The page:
Plant Training

Space Buckets can be used to grow many kinds of plants, but they need to be trained to fit the limits of its container. Even with supersized gardens, plant training is a must, an essential tool for bucketing. Untrained plants can outgrow their buckets easily, which means a poor performance. Plant training techniques can be divided into two main e: Low Stress Training, which includes bending, tucking and guiding the stems; and High Stress Training, which purposely stresses the plant to make it heal stronger. Because of its low stress implications, LST can be started early in the life of a plant, and it is specially useful for cannabis and hot peppers. As the plant gets older, it stem hardens, which makes the training more difficult. HST techniques can be more effective, but also pose a higher risk of failure. These methods have a drastic impact on the plant, and require a few days of healing time. They are also very recommended for bucket gardening, and sometimes inevitable.


The most basic form of training implies bending the stems of the plant to make it grow in a horizontal fashion. This can be achieved with hooks that wrap around the stems and into the soil. With this method, the plant grows into a bush form, creating a more even canopy, something that is very important for gardening in small spaces. It can be hard to predict the growth pattern of a plant, so every new hook needs to be strategically planted along the way.


Tucking leaves is another useful LST technique, and a good alternative to pruning. In this case, the idea is to pull leaves that are blocking important parts of the plant, like flowering tops. Instead of removing the leaf, it can be tucked behind a stem, exposing a part that needs to be emphasized. This is usually better than pruning, as it does not require healing time and allows the plant to use the nutrients stored in the leaf. In situations where tucking is impossible, a bit of prunning can be useful, but only removing a few leaves at a time.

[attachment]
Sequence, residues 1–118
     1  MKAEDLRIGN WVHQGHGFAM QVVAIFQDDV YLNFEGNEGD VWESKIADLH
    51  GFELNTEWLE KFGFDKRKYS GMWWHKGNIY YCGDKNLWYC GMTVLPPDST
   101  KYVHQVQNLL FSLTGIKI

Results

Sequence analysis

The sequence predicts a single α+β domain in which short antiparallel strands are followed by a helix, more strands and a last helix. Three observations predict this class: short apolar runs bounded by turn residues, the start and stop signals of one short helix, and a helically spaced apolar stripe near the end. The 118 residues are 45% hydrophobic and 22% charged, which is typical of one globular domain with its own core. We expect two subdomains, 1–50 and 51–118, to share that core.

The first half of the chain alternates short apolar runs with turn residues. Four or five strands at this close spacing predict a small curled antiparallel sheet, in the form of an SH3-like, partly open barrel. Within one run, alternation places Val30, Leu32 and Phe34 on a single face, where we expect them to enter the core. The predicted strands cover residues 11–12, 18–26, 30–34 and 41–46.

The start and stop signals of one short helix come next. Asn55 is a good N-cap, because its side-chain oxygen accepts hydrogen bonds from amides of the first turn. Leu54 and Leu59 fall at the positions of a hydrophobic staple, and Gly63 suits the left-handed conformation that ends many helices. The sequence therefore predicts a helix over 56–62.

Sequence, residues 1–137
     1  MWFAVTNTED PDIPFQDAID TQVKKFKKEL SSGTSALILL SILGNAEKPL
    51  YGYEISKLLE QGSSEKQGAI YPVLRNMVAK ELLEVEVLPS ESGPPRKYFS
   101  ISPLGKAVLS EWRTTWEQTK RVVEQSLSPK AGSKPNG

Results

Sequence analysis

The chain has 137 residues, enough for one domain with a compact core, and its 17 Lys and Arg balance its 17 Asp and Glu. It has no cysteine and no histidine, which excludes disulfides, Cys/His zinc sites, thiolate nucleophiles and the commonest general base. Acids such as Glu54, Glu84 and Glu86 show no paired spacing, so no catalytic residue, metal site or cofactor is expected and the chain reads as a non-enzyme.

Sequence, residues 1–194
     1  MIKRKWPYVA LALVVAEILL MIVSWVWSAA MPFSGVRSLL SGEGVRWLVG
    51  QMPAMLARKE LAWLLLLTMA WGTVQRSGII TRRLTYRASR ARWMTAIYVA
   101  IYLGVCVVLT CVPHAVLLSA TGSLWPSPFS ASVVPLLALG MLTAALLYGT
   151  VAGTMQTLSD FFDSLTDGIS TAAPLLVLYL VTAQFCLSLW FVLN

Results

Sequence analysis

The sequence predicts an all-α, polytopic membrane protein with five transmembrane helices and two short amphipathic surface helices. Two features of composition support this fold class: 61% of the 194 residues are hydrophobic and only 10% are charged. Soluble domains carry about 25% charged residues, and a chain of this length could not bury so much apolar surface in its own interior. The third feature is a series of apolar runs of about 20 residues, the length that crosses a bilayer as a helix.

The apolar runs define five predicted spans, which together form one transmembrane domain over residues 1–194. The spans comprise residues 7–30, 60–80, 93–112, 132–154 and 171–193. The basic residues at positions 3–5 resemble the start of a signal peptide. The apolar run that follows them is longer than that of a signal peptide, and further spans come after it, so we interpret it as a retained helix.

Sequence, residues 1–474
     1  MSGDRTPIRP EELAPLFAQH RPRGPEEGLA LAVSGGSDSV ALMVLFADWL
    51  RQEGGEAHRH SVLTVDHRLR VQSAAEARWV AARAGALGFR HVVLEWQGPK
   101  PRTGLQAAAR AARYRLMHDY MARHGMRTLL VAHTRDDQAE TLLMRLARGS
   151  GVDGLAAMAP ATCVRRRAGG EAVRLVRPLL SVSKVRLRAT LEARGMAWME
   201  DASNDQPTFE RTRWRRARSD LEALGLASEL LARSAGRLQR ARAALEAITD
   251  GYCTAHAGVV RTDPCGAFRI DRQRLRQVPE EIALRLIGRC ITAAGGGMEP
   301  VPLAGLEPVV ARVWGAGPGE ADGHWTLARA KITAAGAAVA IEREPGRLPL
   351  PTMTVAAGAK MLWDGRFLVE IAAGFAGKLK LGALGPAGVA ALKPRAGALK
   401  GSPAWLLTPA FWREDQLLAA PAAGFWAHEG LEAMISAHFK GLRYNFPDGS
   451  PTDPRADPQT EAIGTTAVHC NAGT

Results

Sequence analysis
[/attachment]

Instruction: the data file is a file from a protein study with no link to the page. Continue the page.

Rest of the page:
Topping is the main HST technique in a bucketeers arsenal. This method requires removing the topmost growth of the plant, which forces it to grow in a bushier kind of tree. When applied early, topping alters the canopy significantly, and limits the height of the plant. This training technique can be used multiple times, and every time it will multiply the number of branches. Because it removes unwanted parts of the plant, topping results in a cleaner, more predictable training. Even though topping is a powerful tool for plant training, it is a High Stress technique: topped plants need a few days of healing to recover. During that time, further training is not recommended. Keep in mind that not all plants react positively to topping, so research species characteristics before using this or other HST techniques.


Supercropping is another useful tool for controlling the plants growth and training its canopy: in its simplest form, it means pinching the stem to force the plant to heal its internal structure. Once healed, this results in stronger and faster growth. The most important part of supercropping is to avoild breaking open the stem, and just crushing it. A whole branch of the plant can die if the Supercropping is excessive. Supercropping tends to be considered a controversial technique, given its high stress methods. As with topping, not all plants react positively to this kind of training. Supercropping is recommended for gardeners that already have some experience in plant growing.